Maxwell is a solid starter outside, allowing just one touchdown to receivers in 2014, according to Pro Football Focus. But Maxwell also managed just one interception in the regular season, during which opposing wideouts caught 63.3 percent of passes thrown their way when lined up against him for 679 yards. He was also picked on in the final two rounds of Seattle’s postseason run.
There’s a good chance the 27-year-old doesn’t see the end of his contract in Philly, especially since the Eagles’ young core of linebackers (Kiko Alonso, Mychal Kendricks, Marcus Smith) won’t always be as cheap as they are now.
3. Devin McCourty, FS, Patriots
Guaranteed money: $28.5 million
The only player to stick with his original team on this list, McCourty received an act of loyalty from Bill Belichick that he rarely shows defensive backs (Ty Law is scowling somewhere). McCourty’s near-$30 million coup in guaranteed money is a record for a safety, breaking the mark set by New Orleans’ Jairus Byrd last off-season.
The Saints likely already regret pledging that much money to Byrd, who woefully underperformed last season before injuring his shoulder after just four games. Perhaps we’re giving the Patriots too much credit here, but this situation doesn’t have the same feel—McCourty was ranked by Pro Football Focus as the league’s best safety last year, and it wasn’t particularly close.
2. Darrelle Revis, CB, Jets
Guaranteed money: $39 million
This is where total money can get deceptive. Revis signed a five-year deal to return to the Jets that could net him up to $70 million, just $7 million more than Maxwell reportedly can receive. But Revis is guaranteed at least $39 million in his contract—and he’ll likely be worth every penny.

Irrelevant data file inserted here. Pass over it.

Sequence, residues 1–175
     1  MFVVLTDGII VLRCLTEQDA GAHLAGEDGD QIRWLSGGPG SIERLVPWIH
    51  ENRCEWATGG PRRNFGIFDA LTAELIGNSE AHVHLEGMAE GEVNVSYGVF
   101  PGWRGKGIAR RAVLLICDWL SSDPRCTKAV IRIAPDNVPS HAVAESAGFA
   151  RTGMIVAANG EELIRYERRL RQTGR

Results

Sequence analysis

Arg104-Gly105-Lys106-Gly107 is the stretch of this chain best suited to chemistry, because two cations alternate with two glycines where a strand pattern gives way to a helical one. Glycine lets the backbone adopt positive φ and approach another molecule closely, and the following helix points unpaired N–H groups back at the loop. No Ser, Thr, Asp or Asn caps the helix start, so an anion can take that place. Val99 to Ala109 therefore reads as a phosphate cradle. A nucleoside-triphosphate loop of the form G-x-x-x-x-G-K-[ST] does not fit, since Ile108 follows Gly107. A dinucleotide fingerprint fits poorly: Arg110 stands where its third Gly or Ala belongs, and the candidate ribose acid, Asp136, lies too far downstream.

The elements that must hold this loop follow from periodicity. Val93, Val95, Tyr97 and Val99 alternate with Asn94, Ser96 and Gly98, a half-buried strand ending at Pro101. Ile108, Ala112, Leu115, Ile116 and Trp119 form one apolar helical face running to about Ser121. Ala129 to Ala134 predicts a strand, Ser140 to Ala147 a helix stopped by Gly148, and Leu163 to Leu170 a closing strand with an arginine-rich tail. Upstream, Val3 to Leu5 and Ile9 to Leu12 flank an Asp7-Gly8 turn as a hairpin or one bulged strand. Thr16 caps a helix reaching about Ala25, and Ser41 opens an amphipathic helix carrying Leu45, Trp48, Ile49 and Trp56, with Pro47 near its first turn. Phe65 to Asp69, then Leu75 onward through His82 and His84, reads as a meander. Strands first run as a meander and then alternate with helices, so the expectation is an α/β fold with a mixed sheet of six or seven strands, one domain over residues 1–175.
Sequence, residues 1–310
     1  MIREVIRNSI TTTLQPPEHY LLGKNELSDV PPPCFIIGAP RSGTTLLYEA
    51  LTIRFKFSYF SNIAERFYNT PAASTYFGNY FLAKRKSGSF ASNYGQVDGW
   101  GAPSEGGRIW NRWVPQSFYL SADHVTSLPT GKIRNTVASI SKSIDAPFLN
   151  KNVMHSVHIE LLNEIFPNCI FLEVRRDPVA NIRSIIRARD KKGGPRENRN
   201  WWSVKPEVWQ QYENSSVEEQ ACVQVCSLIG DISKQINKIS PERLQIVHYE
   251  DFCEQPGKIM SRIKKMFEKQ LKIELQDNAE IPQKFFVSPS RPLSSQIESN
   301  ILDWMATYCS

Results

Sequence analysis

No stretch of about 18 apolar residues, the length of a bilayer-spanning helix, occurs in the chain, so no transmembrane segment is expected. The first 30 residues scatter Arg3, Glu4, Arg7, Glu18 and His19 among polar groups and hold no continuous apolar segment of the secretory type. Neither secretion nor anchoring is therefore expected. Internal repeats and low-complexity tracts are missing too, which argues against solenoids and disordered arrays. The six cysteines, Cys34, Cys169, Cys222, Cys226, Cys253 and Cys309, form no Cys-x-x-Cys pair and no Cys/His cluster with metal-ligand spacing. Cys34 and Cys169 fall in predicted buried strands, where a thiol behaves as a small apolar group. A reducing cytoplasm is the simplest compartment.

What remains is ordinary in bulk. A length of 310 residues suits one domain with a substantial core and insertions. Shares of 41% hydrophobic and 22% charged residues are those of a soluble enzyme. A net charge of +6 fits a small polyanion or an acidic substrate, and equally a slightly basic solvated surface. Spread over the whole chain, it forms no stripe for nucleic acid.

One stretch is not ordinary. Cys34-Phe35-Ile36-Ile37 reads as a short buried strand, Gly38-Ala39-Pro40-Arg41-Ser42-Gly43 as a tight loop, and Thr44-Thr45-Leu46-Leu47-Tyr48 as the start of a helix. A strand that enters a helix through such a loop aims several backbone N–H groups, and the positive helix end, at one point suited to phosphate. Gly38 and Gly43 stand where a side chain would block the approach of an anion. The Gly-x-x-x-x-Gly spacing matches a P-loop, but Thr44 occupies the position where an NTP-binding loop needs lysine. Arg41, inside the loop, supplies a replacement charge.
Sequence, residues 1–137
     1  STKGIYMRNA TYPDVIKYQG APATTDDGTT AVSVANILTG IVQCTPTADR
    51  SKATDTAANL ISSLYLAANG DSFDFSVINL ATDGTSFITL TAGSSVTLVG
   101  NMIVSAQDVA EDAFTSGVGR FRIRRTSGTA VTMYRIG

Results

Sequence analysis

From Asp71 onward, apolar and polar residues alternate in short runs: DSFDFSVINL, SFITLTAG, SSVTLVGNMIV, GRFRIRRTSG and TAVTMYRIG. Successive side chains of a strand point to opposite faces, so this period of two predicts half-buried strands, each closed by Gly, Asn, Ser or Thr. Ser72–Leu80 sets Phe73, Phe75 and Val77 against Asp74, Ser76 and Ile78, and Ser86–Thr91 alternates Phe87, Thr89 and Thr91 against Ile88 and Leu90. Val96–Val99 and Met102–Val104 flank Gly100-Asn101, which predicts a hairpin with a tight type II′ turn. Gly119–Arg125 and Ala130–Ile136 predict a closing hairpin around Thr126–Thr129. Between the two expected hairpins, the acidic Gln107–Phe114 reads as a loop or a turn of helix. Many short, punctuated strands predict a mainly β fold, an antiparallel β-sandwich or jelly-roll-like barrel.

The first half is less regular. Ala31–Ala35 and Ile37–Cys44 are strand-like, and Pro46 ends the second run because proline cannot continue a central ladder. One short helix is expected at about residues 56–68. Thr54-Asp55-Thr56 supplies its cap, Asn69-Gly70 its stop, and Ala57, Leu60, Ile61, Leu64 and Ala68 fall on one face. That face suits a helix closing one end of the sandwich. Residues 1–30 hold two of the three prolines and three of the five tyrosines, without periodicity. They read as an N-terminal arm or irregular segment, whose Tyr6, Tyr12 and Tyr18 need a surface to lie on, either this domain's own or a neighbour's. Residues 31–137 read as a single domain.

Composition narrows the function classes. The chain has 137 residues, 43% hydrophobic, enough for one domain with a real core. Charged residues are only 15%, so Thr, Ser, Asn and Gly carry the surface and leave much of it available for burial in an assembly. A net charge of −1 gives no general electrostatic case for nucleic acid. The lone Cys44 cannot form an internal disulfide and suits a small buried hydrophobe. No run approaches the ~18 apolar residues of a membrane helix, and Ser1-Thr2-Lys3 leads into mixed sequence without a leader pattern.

Opposing receivers caught just 44 of 85 passes (51.8 completion percentage) thrown Revis’s way in 2014. The newly minted Super Bowl champion was ranked as the No. 4 CB overall by Pro Football Focus last season, behind only Chris Harris, Vontae Davis and Richard Sherman.
1. Ndamukong Suh, DT, Dolphins
Guaranteed money: $60 million
Suh was widely expected to net the largest haul of any free agent this off-season. His lucrative six-year deal with Miami leaked before the free agency period officially started on Tuesday, as the Dolphins essentially scared off any other potential suitors by signing Suh to the largest contract for a defensive tackle in NFL history.
The three-time All-Pro behemoth could earn up to $114 million if he stays in Miami through the entirety of his contract, but he’s already been guaranteed more money than both J.J. Watt ($51.9 million) and Gerald McCoy ($51.5 million).
So even if Suh becomes the next Albert Haynesworth, he’s guaranteed to retire from the NFL as a very wealthy man and will at least be remembered as the first big domino to fall in this wild week.